Wi-Fi on Royal Caribbean cruise ships is about to get SpaceX support.
The two companies have announced that SpaceX’s Starlink internet service will enter the fleet in the coming months and end in the first quarter of 2023 during the cruise season. (will open in a new tab) Tuesday (Aug 30)
SpaceX hopes to capitalize on small cruise-focused startup OneWeb by quickly making low-cost Starlink terminals available to cruise ships struggling with notoriously slow internet speeds.
Royal Caribbean said it was the first cruise company to sign on to Starlink and described the deal as “the best onboard experience for guests and crew across the entire fleet.” (The cost has not been disclosed, but one estimate is that cruise ships will only pay $10,000 for initial setup and then a $5,000 monthly maintenance fee, a fraction of the usual costs for internet at sea.)
The cruise giant is betting that service will improve as SpaceX launches more and more Starlinks into orbit a dozen times a month. According to statistics, there are already about 3,000 active Starlinks in orbit. (will open in a new tab) from Starlink tracker Jonathan McDowell.
Related: SpaceX Starlink Mega Constellation Launches in Photos
Rival OneWeb had hoped to target the maritime and aviation industries, but its primary source of rocketry ground to a halt this winter due to Russia’s ongoing invasion of Ukraine.
The satellite rocket at Russian-controlled Baikonur in Kazakhstan was removed from the site in early March; OneWeb later signed a deal with SpaceX to get more launches relatively soon. (OneWeb was last in February, two weeks before the Feb. 24 invasion, and is busy as the company is also considering a merger with Eutelsat.)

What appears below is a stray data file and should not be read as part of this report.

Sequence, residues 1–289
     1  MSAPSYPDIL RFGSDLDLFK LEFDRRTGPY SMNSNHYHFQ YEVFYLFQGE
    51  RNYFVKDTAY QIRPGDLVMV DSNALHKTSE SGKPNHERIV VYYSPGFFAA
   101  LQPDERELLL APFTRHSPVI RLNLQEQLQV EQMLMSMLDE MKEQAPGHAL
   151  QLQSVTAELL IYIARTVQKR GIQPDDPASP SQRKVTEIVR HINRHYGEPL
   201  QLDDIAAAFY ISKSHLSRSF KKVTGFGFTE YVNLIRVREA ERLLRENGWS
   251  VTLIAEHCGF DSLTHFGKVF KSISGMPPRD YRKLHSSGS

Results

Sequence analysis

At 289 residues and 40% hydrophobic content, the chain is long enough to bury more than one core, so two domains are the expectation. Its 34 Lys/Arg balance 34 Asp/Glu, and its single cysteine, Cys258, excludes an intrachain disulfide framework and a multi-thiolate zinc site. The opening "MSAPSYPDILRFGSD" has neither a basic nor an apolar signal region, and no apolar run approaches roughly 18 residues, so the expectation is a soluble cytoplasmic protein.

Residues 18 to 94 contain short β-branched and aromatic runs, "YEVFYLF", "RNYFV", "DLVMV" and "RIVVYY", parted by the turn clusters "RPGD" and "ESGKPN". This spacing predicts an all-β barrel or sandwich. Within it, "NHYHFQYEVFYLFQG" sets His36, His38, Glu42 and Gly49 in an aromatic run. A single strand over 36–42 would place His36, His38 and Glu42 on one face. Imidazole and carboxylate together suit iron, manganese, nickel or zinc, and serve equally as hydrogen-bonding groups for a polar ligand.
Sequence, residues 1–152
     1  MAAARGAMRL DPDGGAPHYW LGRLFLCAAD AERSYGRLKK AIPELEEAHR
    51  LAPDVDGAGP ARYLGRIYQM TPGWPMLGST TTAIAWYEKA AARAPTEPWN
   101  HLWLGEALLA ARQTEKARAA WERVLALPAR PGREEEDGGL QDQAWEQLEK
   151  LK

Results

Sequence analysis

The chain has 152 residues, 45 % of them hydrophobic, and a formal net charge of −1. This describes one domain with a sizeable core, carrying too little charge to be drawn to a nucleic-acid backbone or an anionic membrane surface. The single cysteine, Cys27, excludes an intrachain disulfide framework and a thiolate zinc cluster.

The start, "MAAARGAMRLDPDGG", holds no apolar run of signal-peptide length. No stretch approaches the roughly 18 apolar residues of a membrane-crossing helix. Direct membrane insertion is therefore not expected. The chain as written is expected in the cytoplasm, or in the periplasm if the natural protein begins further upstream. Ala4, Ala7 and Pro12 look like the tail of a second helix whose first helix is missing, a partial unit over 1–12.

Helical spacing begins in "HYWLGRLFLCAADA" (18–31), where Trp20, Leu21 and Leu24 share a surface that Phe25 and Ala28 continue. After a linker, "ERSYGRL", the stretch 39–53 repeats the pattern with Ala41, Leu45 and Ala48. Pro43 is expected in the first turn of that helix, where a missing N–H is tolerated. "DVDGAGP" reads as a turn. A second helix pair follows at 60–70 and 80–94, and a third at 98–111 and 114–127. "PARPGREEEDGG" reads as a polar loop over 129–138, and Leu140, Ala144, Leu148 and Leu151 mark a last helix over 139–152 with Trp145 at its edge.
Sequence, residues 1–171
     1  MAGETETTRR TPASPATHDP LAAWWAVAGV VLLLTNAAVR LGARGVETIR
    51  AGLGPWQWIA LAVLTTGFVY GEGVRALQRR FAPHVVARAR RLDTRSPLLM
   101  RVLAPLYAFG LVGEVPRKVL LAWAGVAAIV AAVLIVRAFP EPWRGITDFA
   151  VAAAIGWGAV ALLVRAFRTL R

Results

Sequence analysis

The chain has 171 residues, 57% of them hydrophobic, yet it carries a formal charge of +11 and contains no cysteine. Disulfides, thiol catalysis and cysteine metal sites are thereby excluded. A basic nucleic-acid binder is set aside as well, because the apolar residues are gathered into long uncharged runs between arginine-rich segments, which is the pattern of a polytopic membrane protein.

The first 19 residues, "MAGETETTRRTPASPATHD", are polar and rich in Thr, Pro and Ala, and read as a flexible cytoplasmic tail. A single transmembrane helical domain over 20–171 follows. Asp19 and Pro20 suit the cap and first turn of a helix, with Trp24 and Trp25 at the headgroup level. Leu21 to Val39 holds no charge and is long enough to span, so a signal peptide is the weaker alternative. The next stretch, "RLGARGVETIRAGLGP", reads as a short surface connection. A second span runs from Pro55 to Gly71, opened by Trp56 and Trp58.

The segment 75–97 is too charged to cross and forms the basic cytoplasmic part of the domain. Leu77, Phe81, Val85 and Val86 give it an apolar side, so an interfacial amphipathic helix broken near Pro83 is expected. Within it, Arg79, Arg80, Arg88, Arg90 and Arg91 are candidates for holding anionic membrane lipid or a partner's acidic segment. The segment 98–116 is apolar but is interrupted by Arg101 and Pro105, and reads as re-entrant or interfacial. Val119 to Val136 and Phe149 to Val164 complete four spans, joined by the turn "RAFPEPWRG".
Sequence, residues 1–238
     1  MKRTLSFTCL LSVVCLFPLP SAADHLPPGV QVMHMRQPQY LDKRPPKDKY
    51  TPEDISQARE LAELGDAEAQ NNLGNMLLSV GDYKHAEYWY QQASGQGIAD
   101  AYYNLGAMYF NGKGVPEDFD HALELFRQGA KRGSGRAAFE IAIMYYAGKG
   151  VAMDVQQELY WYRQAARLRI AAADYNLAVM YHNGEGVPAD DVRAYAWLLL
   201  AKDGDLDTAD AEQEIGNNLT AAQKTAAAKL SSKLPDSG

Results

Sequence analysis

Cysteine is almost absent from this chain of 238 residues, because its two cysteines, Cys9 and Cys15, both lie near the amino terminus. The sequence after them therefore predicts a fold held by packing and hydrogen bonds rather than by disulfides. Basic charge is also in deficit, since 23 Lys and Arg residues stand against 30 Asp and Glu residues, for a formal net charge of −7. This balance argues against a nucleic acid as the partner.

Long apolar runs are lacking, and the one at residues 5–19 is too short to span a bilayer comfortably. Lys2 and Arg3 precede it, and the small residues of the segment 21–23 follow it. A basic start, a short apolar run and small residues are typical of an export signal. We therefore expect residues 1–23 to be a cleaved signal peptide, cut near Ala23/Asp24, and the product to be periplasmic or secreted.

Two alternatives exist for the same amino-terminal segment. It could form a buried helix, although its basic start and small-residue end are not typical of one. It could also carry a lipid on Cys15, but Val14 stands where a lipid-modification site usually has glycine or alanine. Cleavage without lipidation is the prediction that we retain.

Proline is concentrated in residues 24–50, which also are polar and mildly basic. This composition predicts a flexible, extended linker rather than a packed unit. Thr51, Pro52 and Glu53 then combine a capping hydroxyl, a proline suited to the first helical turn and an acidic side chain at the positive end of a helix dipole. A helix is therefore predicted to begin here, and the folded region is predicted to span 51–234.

Related: Russian invasion of Ukraine on satellite imagery
OneWeb currently has 428 satellites in orbit, two-thirds of its planned initial constellation. The company is betting on French satellite operator Eutelsat to expand satellite services by linking OneWeb’s low-earth orbit satellite suite with Eutelsat’s geostationary satellites.
Meanwhile, OneWeb has signed an agreement with Intelsat to ultimately improve aviation internet services “for airlines around the world,” the companies said in an August announcement. 11 statements (will open in a new tab).
As Starlink expands its maritime deployments, SpaceX’s mega-constellation is expected to grow at an ambitious scale. SpaceX already has permission to send 12,000 satellites into orbit and has applied for permission to send 30,000 more beyond that if the international regulator allows it.
Last week, SpaceX founder and CEO Elon Musk said he plans to partner with T-Mobile in a joint effort to connect Starlink to cell phones. This service will be provided by the Starlink Version 2 satellites, a more powerful fleet scheduled to launch next year.
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